How Vicki Owens Built Two Departments from Scratch

Vicki Owens, vice president of community and team engagement at Volt Credit Union, shares how she navigated personalities, faced her fears and did her homework to build two departments from scratch.

By Lillian Stone

Jan 01 2019 at 8 a.m.

Vicki Owens of Volt Credit Union in Springfield, MO
Photo by Brad ZweerinkCreating two departments from scratch would make any professional nervous. But Vicki Owens was up for the challenge.

Volt Credit Union

Biz 417: As Volt’s vice president of community and team engagement, you deal with people every day. But this isn’t the first role in which you’ve had to navigate personalities, right?
Vicki Owens: I got my start at a credit union in Oklahoma immediately after graduating college. I loved the people I worked with, but the workplace had some morale issues and a lot of distrust in the departments. I took initiative and introduced my superiors to a book I discovered in college called Your Attitude is Showing. They then invited me to facilitate a communication training series.

Biz: It must have been intimidating to point out a problem when you were fairly new to the working world.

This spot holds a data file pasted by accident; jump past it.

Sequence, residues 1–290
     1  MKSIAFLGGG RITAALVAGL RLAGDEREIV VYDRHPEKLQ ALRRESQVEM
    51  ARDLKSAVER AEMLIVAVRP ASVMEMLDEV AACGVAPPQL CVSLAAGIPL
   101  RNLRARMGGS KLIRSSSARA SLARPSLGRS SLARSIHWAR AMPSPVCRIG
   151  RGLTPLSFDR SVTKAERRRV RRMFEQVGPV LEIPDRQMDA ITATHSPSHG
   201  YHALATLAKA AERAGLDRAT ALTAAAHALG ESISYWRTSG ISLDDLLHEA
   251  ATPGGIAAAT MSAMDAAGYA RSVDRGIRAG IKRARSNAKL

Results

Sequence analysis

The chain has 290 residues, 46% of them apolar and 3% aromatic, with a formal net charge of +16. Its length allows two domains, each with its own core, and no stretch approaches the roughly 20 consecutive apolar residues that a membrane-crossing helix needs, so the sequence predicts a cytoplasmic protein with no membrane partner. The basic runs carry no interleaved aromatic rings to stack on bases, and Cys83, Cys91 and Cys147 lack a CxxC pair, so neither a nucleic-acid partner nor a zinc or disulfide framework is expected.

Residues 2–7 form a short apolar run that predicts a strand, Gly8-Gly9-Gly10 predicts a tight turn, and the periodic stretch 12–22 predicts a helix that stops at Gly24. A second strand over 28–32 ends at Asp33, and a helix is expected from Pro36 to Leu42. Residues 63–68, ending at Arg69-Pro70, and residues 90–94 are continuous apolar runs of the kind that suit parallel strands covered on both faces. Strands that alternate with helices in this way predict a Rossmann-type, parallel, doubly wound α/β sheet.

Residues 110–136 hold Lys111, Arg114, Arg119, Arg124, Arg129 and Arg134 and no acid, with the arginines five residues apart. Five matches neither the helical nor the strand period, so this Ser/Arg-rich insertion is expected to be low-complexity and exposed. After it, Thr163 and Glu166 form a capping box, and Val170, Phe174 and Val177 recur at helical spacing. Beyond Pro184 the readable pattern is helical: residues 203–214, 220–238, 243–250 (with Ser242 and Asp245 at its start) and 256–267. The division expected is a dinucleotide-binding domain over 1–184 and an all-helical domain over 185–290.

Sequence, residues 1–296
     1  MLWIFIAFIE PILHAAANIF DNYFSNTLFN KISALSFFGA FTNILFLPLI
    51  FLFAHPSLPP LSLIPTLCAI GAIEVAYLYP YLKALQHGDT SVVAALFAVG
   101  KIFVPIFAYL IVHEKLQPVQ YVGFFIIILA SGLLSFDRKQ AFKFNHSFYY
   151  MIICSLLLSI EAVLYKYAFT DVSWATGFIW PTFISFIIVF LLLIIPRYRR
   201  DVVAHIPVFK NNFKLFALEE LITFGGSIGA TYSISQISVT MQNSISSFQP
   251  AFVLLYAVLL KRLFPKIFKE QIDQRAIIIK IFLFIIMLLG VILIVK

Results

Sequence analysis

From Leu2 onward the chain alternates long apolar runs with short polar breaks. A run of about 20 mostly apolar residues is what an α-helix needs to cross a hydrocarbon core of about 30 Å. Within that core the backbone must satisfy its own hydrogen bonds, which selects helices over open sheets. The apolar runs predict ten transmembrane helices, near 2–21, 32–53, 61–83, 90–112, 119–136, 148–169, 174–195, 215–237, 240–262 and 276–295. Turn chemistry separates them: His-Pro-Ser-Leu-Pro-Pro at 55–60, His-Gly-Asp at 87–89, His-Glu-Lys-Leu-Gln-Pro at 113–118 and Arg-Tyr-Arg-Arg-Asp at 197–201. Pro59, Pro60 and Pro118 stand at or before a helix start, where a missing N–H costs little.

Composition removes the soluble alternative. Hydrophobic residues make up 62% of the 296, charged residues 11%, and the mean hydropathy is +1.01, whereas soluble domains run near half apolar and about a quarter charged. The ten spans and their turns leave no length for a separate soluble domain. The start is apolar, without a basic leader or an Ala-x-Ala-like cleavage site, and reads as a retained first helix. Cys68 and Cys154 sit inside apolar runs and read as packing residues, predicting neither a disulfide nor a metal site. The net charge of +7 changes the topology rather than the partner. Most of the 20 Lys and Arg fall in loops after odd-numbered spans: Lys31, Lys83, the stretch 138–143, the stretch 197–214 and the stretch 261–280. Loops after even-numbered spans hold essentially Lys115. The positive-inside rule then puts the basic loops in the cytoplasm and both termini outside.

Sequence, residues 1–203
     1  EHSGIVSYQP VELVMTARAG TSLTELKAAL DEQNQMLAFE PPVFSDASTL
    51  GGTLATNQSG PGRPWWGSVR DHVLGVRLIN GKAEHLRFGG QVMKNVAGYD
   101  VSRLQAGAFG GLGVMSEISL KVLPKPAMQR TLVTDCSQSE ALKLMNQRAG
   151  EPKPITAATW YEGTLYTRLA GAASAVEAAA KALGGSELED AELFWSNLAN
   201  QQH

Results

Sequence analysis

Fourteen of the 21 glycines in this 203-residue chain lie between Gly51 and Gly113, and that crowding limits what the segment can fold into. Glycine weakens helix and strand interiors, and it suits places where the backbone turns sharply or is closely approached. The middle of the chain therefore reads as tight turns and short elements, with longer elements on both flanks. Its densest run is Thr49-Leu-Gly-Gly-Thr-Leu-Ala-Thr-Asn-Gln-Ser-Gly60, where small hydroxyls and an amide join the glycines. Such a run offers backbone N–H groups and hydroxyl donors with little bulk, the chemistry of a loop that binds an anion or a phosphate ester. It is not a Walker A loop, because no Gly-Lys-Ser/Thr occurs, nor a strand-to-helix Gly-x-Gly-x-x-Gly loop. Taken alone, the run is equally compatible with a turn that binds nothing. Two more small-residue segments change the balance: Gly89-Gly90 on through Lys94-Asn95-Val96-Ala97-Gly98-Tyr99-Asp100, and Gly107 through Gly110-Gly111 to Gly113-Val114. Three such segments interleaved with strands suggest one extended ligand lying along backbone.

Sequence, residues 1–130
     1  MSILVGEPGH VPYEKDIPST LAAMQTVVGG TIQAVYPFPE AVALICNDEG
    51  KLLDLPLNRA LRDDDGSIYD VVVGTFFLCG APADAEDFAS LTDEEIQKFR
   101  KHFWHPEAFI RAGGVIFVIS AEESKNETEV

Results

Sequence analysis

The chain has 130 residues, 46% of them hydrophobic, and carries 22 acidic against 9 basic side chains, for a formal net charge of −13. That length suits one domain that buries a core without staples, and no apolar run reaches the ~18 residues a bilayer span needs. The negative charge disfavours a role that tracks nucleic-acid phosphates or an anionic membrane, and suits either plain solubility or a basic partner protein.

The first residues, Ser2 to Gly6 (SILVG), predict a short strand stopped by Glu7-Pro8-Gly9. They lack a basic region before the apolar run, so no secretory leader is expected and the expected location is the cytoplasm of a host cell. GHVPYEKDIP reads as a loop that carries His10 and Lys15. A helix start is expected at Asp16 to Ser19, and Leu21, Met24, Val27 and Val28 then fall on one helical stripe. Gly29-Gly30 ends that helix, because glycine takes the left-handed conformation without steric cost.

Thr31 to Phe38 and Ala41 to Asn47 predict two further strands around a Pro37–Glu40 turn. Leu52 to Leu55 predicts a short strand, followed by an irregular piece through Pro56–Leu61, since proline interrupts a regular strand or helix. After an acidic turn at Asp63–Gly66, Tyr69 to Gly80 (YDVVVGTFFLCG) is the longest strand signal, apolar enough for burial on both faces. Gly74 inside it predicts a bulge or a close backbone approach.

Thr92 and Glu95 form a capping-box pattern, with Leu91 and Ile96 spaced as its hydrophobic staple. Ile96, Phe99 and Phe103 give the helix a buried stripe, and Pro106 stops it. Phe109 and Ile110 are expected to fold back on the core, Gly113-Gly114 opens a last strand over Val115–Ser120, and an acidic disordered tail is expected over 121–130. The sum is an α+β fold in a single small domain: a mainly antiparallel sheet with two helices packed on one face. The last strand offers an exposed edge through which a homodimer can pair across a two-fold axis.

VO: There’s a quote—“Don’t let fear decide your future.” Fear could have kept me from stepping up to spearhead the communication training in Oklahoma. Fear could have kept me from taking on human resources here at Volt. You can’t let fear hold you back.

Biz: You created Volt’s marketing department after being selected as the company’s first in-house marketing team member. How was that experience?
VO: When I started at Volt [then Community Financial Credit Union], the president let me know that they had just approved their first in-house marketing position. All of the marketing was outsourced before me, so I built the department completely from scratch. It was scary, overwhelming and amazingly fun.

Biz: After launching Volt’s marketing department, you then launched the human resources department. What’s your secret to thriving in a new field?
VO: When we identified that we needed to hire an HR person, I raised my hand and asked to be considered. I then started reading everything—any articles I could get my hands on. I took advantage of training opportunities and any other local resources I could find. It took time, but I’ve never been afraid to try something new.

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